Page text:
Creating an unbound datagrid
I need to create a datagrid that contains 3 columns.
Column1: Day of Week
Column2: StartTime [This needs to contain 3 drop downs. ddlHour (Values 1-12), ddlTime (Values AM/PM), ddlMin (Values 00,15,30,45)]
Column3: EndTime [This needs to contain 3 drop downs. ddlHour (Values 1-12), ddlTime (Values AM/PM), ddlMin (Values 00,15,30,45)]
This datagrid will always contain 7 rows (one row for each day).
Does anyone know how I can create this datagrid? I am not pulling any data from the database. I need to hardcode everything.
Why do you need a datagrid? Wouldn't a table work fine? Unless you are using the sort function....bt without datasource, there is nothing to sort really.
Creating an unbound datagrid in asp.net
The following sample code from the book:
"Develop your own Web accounting application using ASP.net"
Dim myConnection As SqlConnection = New SqlConnection(“Data Source=SYS1;Integrated Security=SSPI;Initial Catalog=FinAccounting”)
Dim ddlDataSet As DataSet = New DataSet()
Dim mycommand As New SqlCommand()
Dim mytrans As SqlTransaction
Dim objDT As System.Data.DataTable
Dim objDR As System.Data.DataRow
2. Building the DataTable Structure for the Datagrid
We need to use a DataTable as the DataSource to program the datagrid. A DataTable is used, as it is not linked to any database. We know that DataTable provides a way to dynamically create a purely memory-resident representation of a database table. Typically, we will fill a DataTable from an existing database, but we can also create one programmatically, as we will be doing here. Recall we have alreay done an exercise in the second chapter, in which the DataGrid is directly linked to the table in the database.
In a DataTable, columns are represented by the columns property, and rows are represented by the rows property. Thus, DataTables will be the perfect choice for the creation of Journal Voucher. We can build the columns just as we would within a database, using the columns property of the DataTable, and add rows to the DataTable with the Rows property. With the DataTable built, we can then bind the DataTable to a DataGrid to display the results in an intuitive manner. As DataTables contain rows and columns, we will be able to effectively mock the structure of a conventional database table. The rows will be added to the DataTable as the user adds accounts to the grid. We will add the following columns with corresponding data types:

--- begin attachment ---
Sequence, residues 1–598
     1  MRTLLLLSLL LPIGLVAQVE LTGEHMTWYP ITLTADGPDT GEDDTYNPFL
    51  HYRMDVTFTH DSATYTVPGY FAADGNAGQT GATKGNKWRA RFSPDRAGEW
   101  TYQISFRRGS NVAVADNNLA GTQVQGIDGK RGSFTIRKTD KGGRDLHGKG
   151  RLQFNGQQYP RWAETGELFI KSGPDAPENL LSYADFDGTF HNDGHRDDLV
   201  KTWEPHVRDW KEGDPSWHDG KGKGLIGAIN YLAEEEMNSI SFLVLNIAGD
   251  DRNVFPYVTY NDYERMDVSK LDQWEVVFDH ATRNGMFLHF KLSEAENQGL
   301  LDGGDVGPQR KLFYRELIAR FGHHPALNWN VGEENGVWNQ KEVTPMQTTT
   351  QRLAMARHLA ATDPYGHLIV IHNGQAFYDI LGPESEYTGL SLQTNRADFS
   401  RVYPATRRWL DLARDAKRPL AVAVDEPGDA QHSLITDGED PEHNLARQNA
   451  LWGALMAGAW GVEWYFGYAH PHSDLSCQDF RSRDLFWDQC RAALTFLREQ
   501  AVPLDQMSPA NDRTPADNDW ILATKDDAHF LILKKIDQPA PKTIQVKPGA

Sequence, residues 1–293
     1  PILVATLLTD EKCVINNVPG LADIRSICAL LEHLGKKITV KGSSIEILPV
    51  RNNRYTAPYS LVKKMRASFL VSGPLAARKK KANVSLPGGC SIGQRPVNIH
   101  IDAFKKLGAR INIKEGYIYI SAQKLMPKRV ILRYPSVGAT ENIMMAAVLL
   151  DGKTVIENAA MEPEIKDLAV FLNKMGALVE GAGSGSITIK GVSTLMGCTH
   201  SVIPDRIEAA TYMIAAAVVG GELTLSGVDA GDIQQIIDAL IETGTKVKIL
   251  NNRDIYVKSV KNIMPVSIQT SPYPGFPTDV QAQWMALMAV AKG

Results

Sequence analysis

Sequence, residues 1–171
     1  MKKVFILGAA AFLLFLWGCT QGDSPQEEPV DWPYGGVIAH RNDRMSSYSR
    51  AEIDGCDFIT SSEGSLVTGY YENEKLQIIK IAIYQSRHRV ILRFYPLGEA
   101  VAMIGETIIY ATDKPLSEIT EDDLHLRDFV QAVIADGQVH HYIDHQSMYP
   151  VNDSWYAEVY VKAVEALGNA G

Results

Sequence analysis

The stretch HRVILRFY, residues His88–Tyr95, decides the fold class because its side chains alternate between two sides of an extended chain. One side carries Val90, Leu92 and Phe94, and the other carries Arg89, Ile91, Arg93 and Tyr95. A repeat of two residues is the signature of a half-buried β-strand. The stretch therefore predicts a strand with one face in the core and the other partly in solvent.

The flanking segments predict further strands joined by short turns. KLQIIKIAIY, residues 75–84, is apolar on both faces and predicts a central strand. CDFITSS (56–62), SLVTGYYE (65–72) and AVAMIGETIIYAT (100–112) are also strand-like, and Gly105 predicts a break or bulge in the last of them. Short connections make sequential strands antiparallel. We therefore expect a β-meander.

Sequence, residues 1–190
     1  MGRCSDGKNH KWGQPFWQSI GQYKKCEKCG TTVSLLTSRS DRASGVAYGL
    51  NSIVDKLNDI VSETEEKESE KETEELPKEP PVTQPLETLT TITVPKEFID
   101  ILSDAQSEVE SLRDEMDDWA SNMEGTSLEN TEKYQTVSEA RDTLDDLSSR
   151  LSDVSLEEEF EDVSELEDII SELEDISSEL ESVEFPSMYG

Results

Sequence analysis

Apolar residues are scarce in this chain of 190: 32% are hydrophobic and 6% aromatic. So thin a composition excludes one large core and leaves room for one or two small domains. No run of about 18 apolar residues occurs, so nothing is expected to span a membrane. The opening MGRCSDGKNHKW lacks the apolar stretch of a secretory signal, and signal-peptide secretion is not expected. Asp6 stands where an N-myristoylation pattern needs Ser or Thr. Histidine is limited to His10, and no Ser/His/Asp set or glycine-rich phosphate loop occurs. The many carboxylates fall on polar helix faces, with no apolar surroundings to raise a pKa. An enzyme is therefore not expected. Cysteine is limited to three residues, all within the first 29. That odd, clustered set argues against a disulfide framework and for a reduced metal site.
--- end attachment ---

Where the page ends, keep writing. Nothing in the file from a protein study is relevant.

For the present, we just want the structure of the DataTable built when the page loads for the first time. We don’t want to actually start to define rows until the user selects an account to add to the DataGrid. Looking at the code, we notice that the makeTable() function is called only when the page is loaded for the first time. This is the reason for the IsPostBack check.
Next, we will add columns to the DataTable for Name, Damt, and Camt, assigning them the data types for string, integer and integer respectively. Finally, the DataTable is added into a Session, conveniently named “Accounts”, for storage. The next step involves adding Accounts to the Datagrid, which is no harder than defining new rows for the DataTable. Now that we know structure of the DataTable, we construct new rows and add them to the appropriate position within the DataTable.
objDT = New System.Data.DataTable(“Accounts”)
Session(“Accounts”) = objDT
MyGrid_ID.DataSource = objDT
Note: The DataGrid control maintains state between posts to the server and it only needs to be bound to a data source the first time the page is loaded or when the data source is updated.
3. Programming the Page_Load event
When the page loads for the first time, we call makeTable to create the structure of the DataTable.
Private Sub Page_Load(ByVal sender As System.Object, ByVal e As System.EventArgs) Handles MyBase.Load
If Not IsPostBack Then
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